This experiment is complete and I am continuing with the practice it helped me to start: regularly revisiting what I have thought about in the past.

By 2017, I had been writing sporadically for five years. Most often when I felt inspired.

Writing proved to be a powerful tool for me. After I wrote, I would feel a range of things, all positive: untangled, unblocked, clear, relieved, settled, inspired, and empowered.

Sometimes something would bring me back to what I’d written in the past. Whenever I read this thinking I would feel a sense of perspective, progress, and gratitude for having this “foundation” to grow from and refer back to. As a result, I began to develop more confidence in my capacity to adapt and evolve.

This practice of revisiting what and how my past self thought happened by chance. This experiment was borne out of me wanting to make this a regular practice; it was built on the following hypotheses:

  1. I would write consistently if I no longer needed to decide “Where should I put this?” each time I felt inspired to say or save something that spoke to me and

  2. I would be able to make better sense of what I was thinking and feeling if I developed a habit of seeing what I’d written across time


For each day of the year, I created a separate note and wrote whatever I felt compelled to externalize on that day’s note across time.

This amounted to a total of 365 distinct files (titled 01.01.md, 01.02.md, 01.03.md, etc. all the way through 12.31.md) stored within a Dropbox folder called “DailyNotes.”

This experiment was an outgrowth of me wanting to write more consistently and to develop a practice of revisiting what I had thought about in the past.

Impact & Conclusions

This experiment worked for me.

The “DailyNotes” mechanic got me writing regularly and helped me to become better at naming and communicating what I was feeling and thinking.

The experiment also had this unexpected clarifying effect.

Before, I would notice when an interaction, situation, quote, thought, feeling, question, or experience impacted me and then I would forget them.

Consistently writing, and importantly, revisiting what I’d written changed this. My memory of these moments started to improve. As a result, I started being able to see across these moments and name the links/patterns that connected them.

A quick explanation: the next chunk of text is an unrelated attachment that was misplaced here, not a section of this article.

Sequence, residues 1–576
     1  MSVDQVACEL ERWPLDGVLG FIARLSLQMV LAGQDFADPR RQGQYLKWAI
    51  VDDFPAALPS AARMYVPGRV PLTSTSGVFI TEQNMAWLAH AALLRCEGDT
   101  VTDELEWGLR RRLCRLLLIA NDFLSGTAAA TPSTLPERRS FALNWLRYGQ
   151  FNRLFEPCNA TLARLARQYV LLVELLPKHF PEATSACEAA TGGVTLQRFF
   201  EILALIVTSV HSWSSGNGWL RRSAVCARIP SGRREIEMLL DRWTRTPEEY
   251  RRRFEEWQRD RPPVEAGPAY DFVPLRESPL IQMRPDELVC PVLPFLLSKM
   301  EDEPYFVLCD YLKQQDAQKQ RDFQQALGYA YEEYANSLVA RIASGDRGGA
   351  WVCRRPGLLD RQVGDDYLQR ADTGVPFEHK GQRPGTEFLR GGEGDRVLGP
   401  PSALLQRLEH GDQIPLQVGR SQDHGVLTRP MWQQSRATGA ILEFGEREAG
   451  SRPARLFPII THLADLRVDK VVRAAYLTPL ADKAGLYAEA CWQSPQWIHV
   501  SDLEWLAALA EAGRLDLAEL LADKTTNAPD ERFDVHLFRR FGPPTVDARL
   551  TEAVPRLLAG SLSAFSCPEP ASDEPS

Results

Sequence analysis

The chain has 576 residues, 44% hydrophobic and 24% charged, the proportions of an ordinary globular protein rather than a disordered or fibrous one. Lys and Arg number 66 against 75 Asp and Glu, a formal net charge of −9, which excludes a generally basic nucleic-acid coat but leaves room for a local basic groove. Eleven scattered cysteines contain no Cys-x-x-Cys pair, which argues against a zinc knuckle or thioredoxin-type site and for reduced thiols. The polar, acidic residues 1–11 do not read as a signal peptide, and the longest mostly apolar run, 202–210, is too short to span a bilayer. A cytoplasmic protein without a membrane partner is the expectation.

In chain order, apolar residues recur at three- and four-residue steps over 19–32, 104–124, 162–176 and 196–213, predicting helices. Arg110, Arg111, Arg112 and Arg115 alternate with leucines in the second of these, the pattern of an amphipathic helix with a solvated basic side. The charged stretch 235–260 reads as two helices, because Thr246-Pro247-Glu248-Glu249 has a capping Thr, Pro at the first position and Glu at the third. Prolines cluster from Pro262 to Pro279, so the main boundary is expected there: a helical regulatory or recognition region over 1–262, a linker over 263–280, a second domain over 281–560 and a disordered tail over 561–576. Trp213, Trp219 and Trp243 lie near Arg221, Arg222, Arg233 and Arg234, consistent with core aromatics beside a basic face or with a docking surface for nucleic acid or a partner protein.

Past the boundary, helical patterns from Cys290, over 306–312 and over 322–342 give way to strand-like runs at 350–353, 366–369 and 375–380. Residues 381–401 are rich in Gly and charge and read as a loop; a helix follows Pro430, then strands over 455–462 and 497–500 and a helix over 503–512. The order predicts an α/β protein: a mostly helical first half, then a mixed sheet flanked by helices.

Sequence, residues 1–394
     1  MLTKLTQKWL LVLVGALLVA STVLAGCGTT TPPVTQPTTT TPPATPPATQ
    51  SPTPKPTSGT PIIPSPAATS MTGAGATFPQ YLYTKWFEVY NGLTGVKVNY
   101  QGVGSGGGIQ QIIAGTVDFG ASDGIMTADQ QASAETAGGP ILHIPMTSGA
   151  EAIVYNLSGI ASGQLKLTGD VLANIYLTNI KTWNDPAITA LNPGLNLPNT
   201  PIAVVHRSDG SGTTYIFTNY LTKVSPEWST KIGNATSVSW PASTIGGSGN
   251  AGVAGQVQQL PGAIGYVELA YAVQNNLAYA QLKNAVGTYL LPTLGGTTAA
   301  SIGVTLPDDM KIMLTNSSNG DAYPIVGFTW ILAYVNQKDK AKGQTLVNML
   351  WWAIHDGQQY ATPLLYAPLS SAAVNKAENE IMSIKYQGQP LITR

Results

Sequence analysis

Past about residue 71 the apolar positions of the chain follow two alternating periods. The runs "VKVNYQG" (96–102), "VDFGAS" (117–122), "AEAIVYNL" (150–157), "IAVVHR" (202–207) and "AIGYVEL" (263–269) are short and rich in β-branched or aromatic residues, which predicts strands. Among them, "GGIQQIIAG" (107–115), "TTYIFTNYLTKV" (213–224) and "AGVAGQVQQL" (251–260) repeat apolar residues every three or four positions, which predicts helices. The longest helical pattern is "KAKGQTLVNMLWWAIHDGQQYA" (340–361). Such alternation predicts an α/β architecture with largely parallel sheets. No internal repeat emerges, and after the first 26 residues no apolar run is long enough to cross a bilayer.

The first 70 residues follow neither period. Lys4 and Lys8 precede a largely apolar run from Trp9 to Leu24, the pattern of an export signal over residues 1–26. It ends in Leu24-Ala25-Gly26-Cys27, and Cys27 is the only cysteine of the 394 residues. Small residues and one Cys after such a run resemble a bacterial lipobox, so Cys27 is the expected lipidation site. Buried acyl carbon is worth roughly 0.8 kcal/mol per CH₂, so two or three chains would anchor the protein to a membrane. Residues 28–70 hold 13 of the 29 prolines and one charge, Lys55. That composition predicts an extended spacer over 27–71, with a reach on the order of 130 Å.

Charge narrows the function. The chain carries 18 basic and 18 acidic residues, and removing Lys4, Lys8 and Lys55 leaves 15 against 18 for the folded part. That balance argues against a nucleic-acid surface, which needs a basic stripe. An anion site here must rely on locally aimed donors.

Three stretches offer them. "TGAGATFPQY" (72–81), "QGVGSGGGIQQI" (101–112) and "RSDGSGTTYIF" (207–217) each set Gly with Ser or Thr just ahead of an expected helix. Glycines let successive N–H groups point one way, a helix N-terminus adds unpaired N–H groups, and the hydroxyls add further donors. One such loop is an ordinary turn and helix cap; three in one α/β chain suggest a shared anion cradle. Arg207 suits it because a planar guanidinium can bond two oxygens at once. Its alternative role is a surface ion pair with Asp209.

These links materialized as needs, values, ideas, fears, questions, goals, affirmations, etc. Said another way: I felt like I was beginning to really “hear” what I’d been trying to “say” and start to use that voice to take actions and make decisions I could "stand in."

Writing and revisiting also made a whole new set of new, smaller choices inside of my everyday life legible to me.

I started to see how these choices could bring me in more or less alignment with these truths and this voice. And this is precisely where the practice I had developed broke down...

I wasn’t remembering these truths and that voice in the situations when I needed them most: moments when I had opportunities to put them into practice. There was still a disconnect between what I had "learned" from and in the past and how I was thinking and acting in the present.

The DailyNotes Experiment helped me to see and name this incoherence as an unmet need related to recalling the past.


To relieve of myself of having to decide where to put what I felt compelled to externalize, I created a note for each day of the year and decided I would write write it on that "day's" note.

This amounted to a folder – hosted using Dropbox – titled DailyNotesthat contained 365 files, one for each day of the year.

I titled the files 01.01.md, 01.02.md, 01.03.md, all the way through to 12.31.md.

Each note, followed the same structure:


## YEAR (e.g. 2022)

#### TOPIC 1 (e.g. Permanence)

#### TOPIC 2 (e.g. Thought as Chemical)

## YEAR (e.g. 2018)

#### TOPIC 3 (e.g. Wikipedia)

#### TOPIC 4 (e.g. Integrity)

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